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Putting your own take on a recipe is absolutely fine, says Gemma Simmonite, of Bury St Edmunds' restaurant Gastrono-me. . . as long as it’s done with respect and offers her version of Nasi Goreng

My food ‘geekdom’ if you want to call it that, lies in finding out the details of how and where a certain dish came to be. I’m fascinated as to where it originated from, and how it got changed over the process of time. Why is that spice used? How did it travel there? It predictably always comes down to who invaded, or colonised, who at some point.

Food is essentially power, changing the way that a nation will eat and cook forever. Food origins are a simple equation of geography and history, an edible love child if you will. Geography, simply because of what it owes to its terrain and climate, and what naturally grows in abundance there. History, because of who wanted a piece of that land, either through invasion, imperialism or immigration. But it’s always so surprising that something so momentous in history, so devastating to a country, results in an enduring cuisine that subsequently becomes part of a nation’s identity and pride.

This came to the fore of my thoughts after a suggestion from my business partner about one of the new dishes on the menu we’re launching next week. He wondered why hadn’t I called the fried rice dish Nasi Goreng? I had entitled the dish ‘Very Special Fried Rice’. My business partner is Dutch, and Nasi Goreng is commonly eaten in the Netherlands, along with many other Indonesian foods. This is because of the Dutch rule until 1945. . . Ah there’s that colonisation again!

Nasi Goreng (28354621)
Nasi Goreng (28354621)

His argument was that people would think it was merely a side dish because in this country that’s essentially how it’s eaten, either in Chinese restaurants or with a takeaway. My argument was ‘Well I’m not making it in the authentic way, and I’m filling it with all sorts of gorgeousness so they won’t think that’.

You see, to me a huge bowl of leftover rice with anything I find in the fridge is, quite frankly, my idea of heaven. But still we tussled back and forth on this. “Well I’m not using shrimp paste as I want it to be a vegetarian option, so it simply can’t be called Nasi Goreng.”

He countered with,: “But you are using Keycap Manis, so is it really that far away from the original?” I then considered that the words Nasi Goreng just translate to ‘fried rice’ in Malay and Indonesian, so would it really do any harm? So we agreed that it would be titled the Malaysian and Indonesian way. Yes, it’s completely inauthentic, but it is completely delicious. So we’re both happy.

But I think that’s what it comes down to isn’t it? That word ‘authentic’. The phrase ‘food appropriation’ has been a hot topic of late. Is it right that a white British couple run a Thai restaurant? Is it appropriate that a celebrity chef suggests ways to ‘improve’ a national dish or swap out ingredients? I guess the answer can only be, ‘if it’s done with respect’. Don’t try to ‘improve’ upon a national dish and at the same time call it authentic.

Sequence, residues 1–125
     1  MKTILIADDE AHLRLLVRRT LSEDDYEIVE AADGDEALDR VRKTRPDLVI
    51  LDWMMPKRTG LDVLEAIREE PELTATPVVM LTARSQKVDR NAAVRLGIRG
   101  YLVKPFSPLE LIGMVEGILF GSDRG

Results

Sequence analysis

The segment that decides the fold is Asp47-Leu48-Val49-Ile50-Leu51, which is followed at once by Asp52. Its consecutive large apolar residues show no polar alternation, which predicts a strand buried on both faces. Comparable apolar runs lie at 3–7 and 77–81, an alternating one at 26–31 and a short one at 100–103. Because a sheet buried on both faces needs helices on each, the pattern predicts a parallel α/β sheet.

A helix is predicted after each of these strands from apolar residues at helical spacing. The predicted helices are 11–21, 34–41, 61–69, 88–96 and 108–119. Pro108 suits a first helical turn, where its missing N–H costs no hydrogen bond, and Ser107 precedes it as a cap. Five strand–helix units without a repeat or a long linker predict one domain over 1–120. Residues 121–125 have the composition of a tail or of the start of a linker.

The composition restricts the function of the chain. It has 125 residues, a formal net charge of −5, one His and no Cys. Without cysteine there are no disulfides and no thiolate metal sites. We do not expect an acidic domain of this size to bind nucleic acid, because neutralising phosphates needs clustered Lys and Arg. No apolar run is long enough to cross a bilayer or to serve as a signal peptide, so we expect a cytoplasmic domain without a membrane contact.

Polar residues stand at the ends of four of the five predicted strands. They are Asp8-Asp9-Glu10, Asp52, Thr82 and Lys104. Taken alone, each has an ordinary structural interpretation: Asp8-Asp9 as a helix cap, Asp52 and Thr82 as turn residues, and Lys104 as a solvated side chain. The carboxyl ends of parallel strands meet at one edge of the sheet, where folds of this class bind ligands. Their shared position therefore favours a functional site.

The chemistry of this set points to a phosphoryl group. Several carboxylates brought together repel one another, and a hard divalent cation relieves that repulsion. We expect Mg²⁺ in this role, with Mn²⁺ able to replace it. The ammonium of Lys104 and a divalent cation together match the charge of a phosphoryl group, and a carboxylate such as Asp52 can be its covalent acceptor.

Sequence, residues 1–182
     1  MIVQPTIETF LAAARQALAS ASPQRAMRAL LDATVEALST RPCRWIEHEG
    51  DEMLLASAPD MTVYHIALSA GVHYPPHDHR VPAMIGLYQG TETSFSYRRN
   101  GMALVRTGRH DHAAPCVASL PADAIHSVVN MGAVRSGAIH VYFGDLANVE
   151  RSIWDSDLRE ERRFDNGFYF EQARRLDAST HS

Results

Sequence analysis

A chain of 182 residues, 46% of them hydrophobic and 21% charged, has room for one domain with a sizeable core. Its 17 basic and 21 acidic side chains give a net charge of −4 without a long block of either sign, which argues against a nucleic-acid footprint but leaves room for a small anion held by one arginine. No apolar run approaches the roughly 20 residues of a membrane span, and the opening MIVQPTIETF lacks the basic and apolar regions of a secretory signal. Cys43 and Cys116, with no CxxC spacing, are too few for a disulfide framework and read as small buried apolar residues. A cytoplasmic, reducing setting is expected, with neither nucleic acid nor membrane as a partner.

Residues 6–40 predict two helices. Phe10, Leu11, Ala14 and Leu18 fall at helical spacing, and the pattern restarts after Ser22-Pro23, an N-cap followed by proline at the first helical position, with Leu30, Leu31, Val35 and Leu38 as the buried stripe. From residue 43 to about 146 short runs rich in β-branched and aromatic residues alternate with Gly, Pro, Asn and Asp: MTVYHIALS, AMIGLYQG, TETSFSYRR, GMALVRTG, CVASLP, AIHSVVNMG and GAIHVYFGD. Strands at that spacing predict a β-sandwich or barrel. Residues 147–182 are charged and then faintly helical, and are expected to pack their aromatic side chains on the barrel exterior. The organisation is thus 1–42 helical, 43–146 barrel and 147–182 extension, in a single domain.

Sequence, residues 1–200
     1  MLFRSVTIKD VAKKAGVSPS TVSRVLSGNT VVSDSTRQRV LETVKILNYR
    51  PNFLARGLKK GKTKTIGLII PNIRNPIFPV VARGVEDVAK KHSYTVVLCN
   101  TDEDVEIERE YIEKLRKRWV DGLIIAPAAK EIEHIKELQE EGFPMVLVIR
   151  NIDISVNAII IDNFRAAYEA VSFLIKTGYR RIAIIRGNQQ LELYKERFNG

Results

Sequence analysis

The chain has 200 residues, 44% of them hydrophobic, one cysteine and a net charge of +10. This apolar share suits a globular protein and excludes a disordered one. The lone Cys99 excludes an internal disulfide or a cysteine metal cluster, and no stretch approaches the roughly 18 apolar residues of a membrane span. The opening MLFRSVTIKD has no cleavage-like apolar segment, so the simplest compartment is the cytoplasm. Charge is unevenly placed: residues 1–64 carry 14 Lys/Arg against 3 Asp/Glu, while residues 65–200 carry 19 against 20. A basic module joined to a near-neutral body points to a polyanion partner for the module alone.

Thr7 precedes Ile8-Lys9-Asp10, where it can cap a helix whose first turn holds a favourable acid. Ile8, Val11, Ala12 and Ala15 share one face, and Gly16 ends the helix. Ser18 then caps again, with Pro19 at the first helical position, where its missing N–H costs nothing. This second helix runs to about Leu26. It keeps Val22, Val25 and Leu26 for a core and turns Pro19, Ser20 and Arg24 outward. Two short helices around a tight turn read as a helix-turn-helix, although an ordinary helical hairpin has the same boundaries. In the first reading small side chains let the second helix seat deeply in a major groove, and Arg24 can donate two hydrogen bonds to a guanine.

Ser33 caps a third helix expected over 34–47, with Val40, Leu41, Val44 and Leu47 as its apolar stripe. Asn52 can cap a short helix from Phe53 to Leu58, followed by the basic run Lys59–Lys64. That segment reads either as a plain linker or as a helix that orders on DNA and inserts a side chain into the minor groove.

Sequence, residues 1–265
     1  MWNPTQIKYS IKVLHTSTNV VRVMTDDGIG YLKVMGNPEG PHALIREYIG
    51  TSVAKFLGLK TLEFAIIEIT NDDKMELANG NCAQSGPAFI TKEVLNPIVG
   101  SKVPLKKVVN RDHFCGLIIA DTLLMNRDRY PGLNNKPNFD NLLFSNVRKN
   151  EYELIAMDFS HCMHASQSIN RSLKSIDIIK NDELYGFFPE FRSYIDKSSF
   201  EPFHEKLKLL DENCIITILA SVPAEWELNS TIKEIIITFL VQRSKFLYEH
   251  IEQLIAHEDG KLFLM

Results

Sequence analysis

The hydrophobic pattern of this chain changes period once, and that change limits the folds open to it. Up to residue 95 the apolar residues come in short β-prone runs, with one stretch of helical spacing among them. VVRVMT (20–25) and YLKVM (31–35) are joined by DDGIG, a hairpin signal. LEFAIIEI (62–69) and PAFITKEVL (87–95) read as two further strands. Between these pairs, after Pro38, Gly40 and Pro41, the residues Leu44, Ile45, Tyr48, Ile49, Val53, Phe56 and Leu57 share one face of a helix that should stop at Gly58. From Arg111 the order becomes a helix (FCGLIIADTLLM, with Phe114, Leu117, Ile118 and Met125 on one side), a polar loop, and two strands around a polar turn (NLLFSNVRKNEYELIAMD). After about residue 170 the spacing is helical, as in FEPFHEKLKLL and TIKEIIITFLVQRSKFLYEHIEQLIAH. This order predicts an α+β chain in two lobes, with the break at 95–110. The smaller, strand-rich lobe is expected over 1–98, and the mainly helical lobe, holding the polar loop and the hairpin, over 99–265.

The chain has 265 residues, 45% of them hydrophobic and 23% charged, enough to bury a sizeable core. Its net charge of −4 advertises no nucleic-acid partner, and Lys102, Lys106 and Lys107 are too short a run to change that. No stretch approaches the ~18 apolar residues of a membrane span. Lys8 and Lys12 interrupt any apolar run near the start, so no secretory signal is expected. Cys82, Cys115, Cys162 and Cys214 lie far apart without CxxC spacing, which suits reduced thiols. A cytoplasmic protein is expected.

A couple of years ago we used to serve shakshuka skillets by the dozen for breakfast. I included crumbled feta as a topping, because that fabulous saltiness blended with the toastiness of the cumin and made utter sense to me. But heaven forbid I would cook that and claim it was THE way to cook it, and suggest that’s how it’s made in every café in Morocco.

So I see both sides of the argument. Surely we should all be able to cook and play with any cuisine, as much as a musician derives inspiration from all music styles. We are richer for the melting pot of cuisines.

So, I hope you enjoy making this dish. It really shouldn’t be over thought the way that we did. It’s simply a perfect, easy night supper. Even more perfect when you have leftover rice. Throw in anything that you fancy and – as with all my dishes -– leave out anything that you don’t.



250g cooked leftover cold rice (if none leftover, cook ahead and allow to cool)

2 cloves of minced garlic

½ teaspoon of minced ginger

50g frozen peas

2 spring onions, thinly sliced

2 teaspoon of light soy sauce

1 tablespoon of vegetable oil

2 medium free-range eggs, lightly beaten

2 teaspoons of keycap manis (if you can’t find this, blend ¼ teaspoon with the soy sauce)


Heat the oil in a wok or frying pan, add the garlic and the ginger, and fry for around a minute.

Pour the eggs into the pan, and lightly scramble, when starting to solidify push to one side.

Now add your rice, soy sauce and keycap manis if using. Make sure there are no lumps or clumps, add your peas, no need to cook them as the residual heat will cook them through. Then incorporate your egg mix and your spring onions, whilst leaving a few for the topping.

Make sure that the rice is piping hot. Sprinkle with the leftover onions. A squiggle of sriracha is delicious on top.


At the restaurant we will be offering different add ons, these are perfect at home for switching it up too.

Try some of these for when the mood takes you:

Shredded cooked chicken

Cooked prawns

Diced carrots or broccoli, super for

colour and bite – so only steam lightly


True Malaysian/Indonesian style – top with a fried egg

Gemma is executive chef and co-creator of Gastrono-me, Abbeygate Street, Bury St Edmunds


01284 277980

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